Does it work?


Can saw palmetto act as a remedy to benign prostatic hyperplasia?

BACKGROUND: Benign prostatic hyperplasia (BPH) is a common condition among older men. Nearly 20 per cent of men in their 50s are affected by BPH; among men in their 70s, about 35 per cent have significant problems with BPH, although many have some degree of symptoms.

The exact cause of BPH is not known, but the prostate gland enlarges and causes what are called lower urinary tract symptoms (LUTS). The most common examples are frequent desire to urinate (especially during the night), difficulty urinating and weak flow. The symptoms range from being irritating or embarrassing, to those that are very painful and can lead to serious problems.

BPH is commonly treated with herbal remedies because the available conventional treatments have limitations and side effects.

The herb most commonly used for BPH is saw palmetto, also known as the American dwarf palm tree or Serenoa repens. The ripe fruit is used to make the herbal remedy by extracting fatty acids and oils using water insoluble solvents. Products are usually standardised to contain 80 to 90 per cent fatty acids.


Earlier research found evidence that saw palmetto gave mild to moderate improvements when examined for a 2002 Cochrane Collaboration systematic review. These reviews are available free of charge online in Ireland due to funding from the Health Research Board (

Cochrane reviews are updated every few years, and the 2010 version on saw palmetto came to a different conclusion. The evidence no longer shows that saw palmetto is any more effective in reducing urinary symptoms than a placebo.

This change has occurred because earlier studies were of short duration and had few participants. The latest Cochrane review included the results of the largest placebo-controlled trial to date called the Saw Palmetto Treatment of Enlarged Prostates (STEP) study.

Funded by the US National Institutes of Health, the STEP study involved more than 200 men taking saw palmetto for one year. No significant differences in urinary symptoms were found between those taking saw palmetto or a placebo.

The STEP study used one product where men took 320mg daily. Funding for a much larger trial was obtained in which three different doses of saw palmetto are being tested. This study involves 3,300 men and is called the CAMUS trial. Its results should provide even clearer evidence about the effectiveness of saw palmetto.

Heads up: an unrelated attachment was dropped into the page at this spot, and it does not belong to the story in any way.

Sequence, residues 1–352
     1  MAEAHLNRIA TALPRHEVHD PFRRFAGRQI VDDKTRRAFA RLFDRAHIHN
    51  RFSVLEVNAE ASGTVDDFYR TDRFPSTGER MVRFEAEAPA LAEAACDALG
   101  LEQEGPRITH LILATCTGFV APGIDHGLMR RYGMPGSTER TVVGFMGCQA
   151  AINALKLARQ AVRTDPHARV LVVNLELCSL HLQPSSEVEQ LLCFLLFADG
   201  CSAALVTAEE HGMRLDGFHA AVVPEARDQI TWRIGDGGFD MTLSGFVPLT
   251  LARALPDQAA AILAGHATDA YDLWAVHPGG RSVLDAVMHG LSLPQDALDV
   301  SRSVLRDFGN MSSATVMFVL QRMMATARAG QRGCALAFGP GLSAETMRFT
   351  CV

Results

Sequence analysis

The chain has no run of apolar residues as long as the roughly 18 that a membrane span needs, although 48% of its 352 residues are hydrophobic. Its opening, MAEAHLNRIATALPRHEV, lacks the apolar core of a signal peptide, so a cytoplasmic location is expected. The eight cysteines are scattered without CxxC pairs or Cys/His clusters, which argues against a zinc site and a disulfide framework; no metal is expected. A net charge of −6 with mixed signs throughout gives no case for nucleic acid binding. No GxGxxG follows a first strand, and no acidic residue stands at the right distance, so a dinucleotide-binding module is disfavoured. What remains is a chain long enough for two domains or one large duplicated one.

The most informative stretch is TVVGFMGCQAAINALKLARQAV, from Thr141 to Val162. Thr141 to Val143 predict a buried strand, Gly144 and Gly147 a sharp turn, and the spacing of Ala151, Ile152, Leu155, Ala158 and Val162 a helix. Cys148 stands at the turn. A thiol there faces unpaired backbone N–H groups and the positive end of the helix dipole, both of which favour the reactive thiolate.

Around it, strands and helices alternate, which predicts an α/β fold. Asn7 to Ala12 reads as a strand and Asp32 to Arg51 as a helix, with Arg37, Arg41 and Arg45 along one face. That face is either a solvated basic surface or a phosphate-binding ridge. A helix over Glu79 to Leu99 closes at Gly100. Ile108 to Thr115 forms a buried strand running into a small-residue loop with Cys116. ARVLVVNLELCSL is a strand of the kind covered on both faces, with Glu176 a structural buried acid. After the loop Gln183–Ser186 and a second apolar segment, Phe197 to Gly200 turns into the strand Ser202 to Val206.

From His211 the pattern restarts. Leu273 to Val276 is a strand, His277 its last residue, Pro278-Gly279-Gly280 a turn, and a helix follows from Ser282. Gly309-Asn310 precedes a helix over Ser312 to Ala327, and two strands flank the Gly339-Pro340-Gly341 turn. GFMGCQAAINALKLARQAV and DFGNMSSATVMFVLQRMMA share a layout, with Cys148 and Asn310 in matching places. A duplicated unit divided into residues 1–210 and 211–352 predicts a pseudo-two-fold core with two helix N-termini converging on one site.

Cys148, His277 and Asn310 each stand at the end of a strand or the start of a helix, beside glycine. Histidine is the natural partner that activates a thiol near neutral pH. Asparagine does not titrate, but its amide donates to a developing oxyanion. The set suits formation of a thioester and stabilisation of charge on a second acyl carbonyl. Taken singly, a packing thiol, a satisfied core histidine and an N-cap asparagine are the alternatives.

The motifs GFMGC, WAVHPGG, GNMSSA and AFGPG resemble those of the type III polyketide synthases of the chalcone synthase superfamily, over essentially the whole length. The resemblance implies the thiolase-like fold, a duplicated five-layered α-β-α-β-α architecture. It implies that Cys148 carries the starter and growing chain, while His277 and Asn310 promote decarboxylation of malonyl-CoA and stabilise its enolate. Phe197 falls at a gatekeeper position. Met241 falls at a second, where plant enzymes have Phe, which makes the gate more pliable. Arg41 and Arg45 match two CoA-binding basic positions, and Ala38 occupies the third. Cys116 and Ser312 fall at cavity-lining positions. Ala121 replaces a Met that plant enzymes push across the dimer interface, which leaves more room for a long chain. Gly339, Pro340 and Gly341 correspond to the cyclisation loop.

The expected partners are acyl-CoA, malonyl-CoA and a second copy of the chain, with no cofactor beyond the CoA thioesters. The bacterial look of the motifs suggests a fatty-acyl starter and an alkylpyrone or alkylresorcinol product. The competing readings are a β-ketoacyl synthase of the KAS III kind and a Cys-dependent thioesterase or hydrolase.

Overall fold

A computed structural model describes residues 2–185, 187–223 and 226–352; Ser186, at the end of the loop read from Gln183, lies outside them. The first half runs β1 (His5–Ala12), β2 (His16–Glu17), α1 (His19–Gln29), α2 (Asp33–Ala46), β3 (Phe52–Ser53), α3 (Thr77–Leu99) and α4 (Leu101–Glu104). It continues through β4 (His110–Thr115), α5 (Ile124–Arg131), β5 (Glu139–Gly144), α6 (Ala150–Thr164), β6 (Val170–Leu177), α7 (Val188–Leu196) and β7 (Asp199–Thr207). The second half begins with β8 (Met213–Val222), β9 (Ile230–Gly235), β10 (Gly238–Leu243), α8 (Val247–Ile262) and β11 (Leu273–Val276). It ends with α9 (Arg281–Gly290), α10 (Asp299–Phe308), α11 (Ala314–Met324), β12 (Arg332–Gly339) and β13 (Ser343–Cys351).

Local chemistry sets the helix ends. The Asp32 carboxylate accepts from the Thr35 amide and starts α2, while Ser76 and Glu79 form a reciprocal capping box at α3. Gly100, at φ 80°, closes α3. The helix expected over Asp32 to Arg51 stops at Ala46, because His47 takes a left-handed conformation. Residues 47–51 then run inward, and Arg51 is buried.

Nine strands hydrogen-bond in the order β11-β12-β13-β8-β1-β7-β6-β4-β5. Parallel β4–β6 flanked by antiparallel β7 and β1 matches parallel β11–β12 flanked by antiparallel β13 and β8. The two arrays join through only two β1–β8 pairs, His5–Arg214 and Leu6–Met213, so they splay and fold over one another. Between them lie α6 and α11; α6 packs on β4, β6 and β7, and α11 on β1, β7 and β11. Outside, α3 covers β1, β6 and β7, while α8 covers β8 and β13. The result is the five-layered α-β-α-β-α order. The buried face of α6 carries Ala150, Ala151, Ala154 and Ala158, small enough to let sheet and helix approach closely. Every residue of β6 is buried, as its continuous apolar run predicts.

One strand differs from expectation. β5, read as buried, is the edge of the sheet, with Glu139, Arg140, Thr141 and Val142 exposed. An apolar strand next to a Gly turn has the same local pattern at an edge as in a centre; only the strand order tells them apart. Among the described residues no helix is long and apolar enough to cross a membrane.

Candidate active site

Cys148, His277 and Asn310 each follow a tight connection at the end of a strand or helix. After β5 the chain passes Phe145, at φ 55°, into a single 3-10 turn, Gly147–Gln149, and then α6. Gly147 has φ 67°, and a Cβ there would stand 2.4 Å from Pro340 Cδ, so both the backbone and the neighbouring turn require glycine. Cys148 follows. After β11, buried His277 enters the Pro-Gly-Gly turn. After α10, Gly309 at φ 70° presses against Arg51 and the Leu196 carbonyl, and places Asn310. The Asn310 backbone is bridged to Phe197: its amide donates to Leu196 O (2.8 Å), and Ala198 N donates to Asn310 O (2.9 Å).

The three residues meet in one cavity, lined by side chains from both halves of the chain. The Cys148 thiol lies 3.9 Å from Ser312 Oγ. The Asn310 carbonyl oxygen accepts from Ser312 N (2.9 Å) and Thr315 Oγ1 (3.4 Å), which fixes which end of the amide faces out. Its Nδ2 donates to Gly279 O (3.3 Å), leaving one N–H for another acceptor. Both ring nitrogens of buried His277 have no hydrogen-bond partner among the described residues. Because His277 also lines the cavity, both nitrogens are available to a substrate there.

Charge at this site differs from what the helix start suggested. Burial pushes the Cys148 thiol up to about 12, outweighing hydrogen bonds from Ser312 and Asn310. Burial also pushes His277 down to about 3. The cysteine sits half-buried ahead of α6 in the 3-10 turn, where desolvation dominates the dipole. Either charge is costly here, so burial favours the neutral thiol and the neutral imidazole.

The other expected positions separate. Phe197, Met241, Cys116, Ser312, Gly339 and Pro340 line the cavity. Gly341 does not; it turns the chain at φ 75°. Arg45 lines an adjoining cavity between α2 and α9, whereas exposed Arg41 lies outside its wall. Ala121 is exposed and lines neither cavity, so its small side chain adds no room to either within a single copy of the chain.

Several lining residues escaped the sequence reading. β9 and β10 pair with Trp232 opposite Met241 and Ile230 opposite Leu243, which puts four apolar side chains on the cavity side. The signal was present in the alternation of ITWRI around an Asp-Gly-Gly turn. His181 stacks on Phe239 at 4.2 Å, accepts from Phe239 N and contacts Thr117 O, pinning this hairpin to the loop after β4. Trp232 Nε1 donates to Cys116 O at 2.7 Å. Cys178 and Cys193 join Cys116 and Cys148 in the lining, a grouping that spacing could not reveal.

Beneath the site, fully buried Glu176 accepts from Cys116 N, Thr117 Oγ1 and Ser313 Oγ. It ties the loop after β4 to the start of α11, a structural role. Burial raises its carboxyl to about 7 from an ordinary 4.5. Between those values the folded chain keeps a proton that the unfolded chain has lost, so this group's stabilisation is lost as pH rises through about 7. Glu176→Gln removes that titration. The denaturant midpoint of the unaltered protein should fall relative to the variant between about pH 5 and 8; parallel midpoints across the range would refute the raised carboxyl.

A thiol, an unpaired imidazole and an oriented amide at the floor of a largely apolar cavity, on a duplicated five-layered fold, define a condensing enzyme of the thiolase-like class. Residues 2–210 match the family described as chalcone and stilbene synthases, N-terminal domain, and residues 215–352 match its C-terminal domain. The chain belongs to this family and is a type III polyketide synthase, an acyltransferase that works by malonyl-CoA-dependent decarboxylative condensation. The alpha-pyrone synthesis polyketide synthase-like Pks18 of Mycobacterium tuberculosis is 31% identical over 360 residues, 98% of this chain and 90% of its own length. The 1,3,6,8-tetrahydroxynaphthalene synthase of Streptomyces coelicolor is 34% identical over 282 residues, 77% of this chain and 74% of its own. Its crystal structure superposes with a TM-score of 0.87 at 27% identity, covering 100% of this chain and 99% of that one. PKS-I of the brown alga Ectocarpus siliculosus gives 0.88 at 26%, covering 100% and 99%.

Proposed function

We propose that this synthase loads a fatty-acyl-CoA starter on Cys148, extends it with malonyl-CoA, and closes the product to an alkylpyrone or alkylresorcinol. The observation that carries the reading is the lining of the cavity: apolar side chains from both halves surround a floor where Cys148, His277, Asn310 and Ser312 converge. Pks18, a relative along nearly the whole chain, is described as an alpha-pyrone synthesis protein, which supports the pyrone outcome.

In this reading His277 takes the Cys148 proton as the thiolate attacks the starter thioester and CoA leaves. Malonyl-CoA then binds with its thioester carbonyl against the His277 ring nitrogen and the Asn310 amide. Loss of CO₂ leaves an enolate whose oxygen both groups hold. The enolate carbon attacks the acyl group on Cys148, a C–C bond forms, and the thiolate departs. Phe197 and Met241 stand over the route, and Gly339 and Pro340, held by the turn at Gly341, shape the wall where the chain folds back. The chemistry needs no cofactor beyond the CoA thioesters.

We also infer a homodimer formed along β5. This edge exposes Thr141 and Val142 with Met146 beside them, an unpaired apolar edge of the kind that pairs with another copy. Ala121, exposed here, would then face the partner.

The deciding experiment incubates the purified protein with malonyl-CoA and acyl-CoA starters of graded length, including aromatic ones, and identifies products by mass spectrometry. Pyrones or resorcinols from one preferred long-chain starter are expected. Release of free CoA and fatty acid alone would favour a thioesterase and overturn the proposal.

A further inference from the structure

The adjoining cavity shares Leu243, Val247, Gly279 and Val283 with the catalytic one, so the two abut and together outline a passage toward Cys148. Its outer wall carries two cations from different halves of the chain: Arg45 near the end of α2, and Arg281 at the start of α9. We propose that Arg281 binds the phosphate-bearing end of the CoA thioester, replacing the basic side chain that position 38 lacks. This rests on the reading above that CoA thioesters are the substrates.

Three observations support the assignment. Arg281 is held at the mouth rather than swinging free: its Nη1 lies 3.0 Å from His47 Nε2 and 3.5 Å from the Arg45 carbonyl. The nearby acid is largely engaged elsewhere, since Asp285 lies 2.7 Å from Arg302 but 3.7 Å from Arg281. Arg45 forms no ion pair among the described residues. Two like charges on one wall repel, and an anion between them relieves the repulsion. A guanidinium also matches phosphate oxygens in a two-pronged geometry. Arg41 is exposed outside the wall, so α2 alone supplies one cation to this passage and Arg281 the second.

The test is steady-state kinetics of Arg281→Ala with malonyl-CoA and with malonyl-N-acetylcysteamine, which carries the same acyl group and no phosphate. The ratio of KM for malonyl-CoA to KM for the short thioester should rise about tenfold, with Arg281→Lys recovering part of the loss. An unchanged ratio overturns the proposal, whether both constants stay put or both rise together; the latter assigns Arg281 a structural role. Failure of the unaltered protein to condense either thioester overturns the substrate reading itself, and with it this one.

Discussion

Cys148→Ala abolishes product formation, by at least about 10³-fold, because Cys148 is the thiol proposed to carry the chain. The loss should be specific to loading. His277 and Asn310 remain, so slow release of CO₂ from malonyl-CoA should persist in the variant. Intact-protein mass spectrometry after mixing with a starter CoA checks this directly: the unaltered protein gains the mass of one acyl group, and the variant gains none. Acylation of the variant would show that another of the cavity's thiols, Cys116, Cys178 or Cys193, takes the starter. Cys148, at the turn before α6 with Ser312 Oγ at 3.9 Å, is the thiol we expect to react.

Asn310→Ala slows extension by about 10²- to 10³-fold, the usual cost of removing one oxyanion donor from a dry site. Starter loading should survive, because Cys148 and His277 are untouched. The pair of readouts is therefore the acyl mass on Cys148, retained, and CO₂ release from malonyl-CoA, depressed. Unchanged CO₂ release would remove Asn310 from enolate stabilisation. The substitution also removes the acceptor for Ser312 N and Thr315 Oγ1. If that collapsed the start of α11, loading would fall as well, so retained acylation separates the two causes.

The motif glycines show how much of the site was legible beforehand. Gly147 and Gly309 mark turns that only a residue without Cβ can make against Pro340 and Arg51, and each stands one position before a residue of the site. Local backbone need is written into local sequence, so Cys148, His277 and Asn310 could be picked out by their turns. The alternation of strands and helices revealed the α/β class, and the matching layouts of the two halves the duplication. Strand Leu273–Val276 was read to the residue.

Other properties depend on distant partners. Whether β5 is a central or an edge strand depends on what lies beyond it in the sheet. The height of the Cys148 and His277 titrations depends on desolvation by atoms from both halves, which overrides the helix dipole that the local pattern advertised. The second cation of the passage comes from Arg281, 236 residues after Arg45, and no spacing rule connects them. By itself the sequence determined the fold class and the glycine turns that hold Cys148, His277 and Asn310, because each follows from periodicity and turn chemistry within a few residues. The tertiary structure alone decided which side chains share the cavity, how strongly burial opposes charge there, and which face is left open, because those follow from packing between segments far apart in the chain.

While the STEP study found that saw palmetto was not effective for LUTS, it also found no evidence of significant adverse effects. The number and type of adverse effects were practically the same in the saw palmetto and placebo groups.

Another large review of all reports of saw palmetto adverse effects found no clear evidence of problems. The most commonly reported side effects are abdominal pain, diarrhoea, fatigue and headache.

The on-going CAMUS study includes a comprehensive assessment of adverse effects and should provide important additional information.

Self-medication can be a problem if people with serious illnesses avoid medical care. BPH is not prostate cancer, but men with prostate cancer can have some of the same symptoms. Saw palmetto does not affect pancreatic cancer. Large population studies found that men taking saw palmetto had the same risk of developing prostate cancer as those not taking it. Saw palmetto does not help prevent or treat prostate cancer.


In recent years, larger and better studies have found that saw palmetto is not effective in relieving BPH and its lower urinary tract symptoms.

Pharmaceuticals called alpha blockers can effectively relieve LUTS and reduce enlarged prostate glands, but they have problematic side effects.

Men looking for an alternative will have to await the results of the CAMUS trial, which might show if certain doses have benefits for certain symptoms. For now, it appears that benefits experienced from saw palmetto are most likely due to the placebo effect.

Dónal OMathúna has a PhD in pharmacy, researching herbal remedies, and an MA in bioethics, and is a senior lecturer in the School of Nursing, Dublin City University